OMUTHIYA -The Minister of Urban and Rural Development Peya Mushelenga has granted an audience with distressed community members of Omuthiya and surrounding villages who claim to have been robbed and unfairly compensated by the town council when they ceded their land to pave way for township development.
For years, the affected parties, through a local committee, have been calling upon town council to review the compensation process amid claims of bias in issuing free plots as compensation as well as unfair monetary reimbursements.
Council has always maintained that it did everything fairly.
Community leader and activist Moses Amukoto informed New Era that he has received a letter from town council informing them of the minister’s promise to meet listen and address their complaints.
“This is good news to us as affected communities,” he said.
“For years we have been calling for the minister’s intervention to rescue us. We are therefore happy that our cries will be heard by the highest authority, although the letter did not indicate when exactly,” stressed Amukoto, adding that the date of the meeting would be announced in due course.
In an interview last year, the town’s CEO Samuel Mbango was emphatic in saying the process has been done according to the National Land Compensation Policy, saying they were hooligans among the community that has been stirring trouble.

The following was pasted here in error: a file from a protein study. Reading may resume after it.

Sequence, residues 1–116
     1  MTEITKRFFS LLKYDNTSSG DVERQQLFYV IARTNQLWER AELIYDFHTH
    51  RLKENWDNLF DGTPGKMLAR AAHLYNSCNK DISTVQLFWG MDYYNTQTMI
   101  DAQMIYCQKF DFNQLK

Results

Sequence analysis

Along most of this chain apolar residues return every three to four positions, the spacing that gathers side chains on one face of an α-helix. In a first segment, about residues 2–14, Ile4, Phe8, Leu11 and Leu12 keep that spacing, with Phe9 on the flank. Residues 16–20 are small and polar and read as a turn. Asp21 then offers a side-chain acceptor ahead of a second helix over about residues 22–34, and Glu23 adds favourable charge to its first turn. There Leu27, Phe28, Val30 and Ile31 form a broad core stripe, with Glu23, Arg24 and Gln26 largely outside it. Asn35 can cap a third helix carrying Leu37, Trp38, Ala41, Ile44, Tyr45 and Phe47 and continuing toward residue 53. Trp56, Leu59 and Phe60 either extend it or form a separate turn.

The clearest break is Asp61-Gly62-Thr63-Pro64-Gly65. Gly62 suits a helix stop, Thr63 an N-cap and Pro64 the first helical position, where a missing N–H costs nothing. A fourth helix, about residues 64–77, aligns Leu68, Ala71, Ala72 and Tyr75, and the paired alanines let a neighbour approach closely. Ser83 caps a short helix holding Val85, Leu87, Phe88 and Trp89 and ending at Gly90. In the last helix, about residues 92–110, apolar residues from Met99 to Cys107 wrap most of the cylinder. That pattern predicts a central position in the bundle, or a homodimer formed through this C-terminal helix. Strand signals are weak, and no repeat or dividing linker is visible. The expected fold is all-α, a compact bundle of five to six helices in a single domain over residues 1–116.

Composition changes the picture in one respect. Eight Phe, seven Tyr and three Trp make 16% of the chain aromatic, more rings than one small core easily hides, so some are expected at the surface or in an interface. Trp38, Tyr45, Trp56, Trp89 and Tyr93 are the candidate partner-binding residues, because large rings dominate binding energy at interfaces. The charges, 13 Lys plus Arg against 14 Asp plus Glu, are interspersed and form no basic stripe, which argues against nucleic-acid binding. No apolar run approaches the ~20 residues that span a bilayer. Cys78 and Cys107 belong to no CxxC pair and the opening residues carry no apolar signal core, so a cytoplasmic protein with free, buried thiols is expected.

“The policy states that the person has an option to choose either to get two plots but no money, while the second option offers one to be paid in full which is in monetary for the value of the homestead. The only persons without an option are those that are in industrial or business area and are paid money in full. In this case most of those that bring up the issue are the ones who received money and they are under the impression that they do qualify for the plots again, which is not the case,” explained Mbango at the time.
He further on went to say, “those that qualify have been informed and that their names are already on the approved list by council and from the minister. Some opted not to come collect their letters from council, while some never returned them after they signed the documents so that their details could be captured.”
“From our side we have settled the issues of compensation. The problematic ones are those that did not qualify, and I think there is someone who is instigating them through their committees. The fact they see others receiving plots does not mean they also qualify,” he countered.
Meanwhile, Part B on compensation in money and erven of the 2008 compensation policy guideline which was used in this case, indicates that a communal landholder whose land is incorporated into a townland jurisdiction or has been taken for other public sector development purposes, has a choice to own a residential erf in the proclaimed town or subject to availability, be given an alternative land similar to the size which was taken away.
Despite these explanations, the community has been unwavering and insisted that the process was not fair enough thus necessitating the need to meet with the minister.
“In our letter to council, we requested an audience with the minister. We raised issues such as lack of awareness which led to ill consented decision by some members who only later realised that they were underpaid. Another issue was measurements of land without the owner’s knowledge and presence. We are further disputing the compensation policy being used, and requested for the latest policy as the previous has lower rates,” highlighted Amukoto on some of their demands.